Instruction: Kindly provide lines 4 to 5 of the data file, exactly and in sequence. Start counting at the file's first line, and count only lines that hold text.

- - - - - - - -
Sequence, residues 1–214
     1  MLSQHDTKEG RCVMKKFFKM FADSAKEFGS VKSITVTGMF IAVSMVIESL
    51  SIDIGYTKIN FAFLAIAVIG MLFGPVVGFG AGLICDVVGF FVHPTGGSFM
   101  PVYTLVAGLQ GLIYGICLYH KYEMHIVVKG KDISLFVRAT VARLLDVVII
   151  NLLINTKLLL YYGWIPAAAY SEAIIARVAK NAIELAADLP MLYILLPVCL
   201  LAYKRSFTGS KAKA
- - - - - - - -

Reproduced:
   101  PVYTLVAGLQ GLIYGICLYH KYEMHIVVKG KDISLFVRAT VARLLDVVII
   151  NLLINTKLLL YYGWIPAAAY SEAIIARVAK NAIELAADLP MLYILLPVCL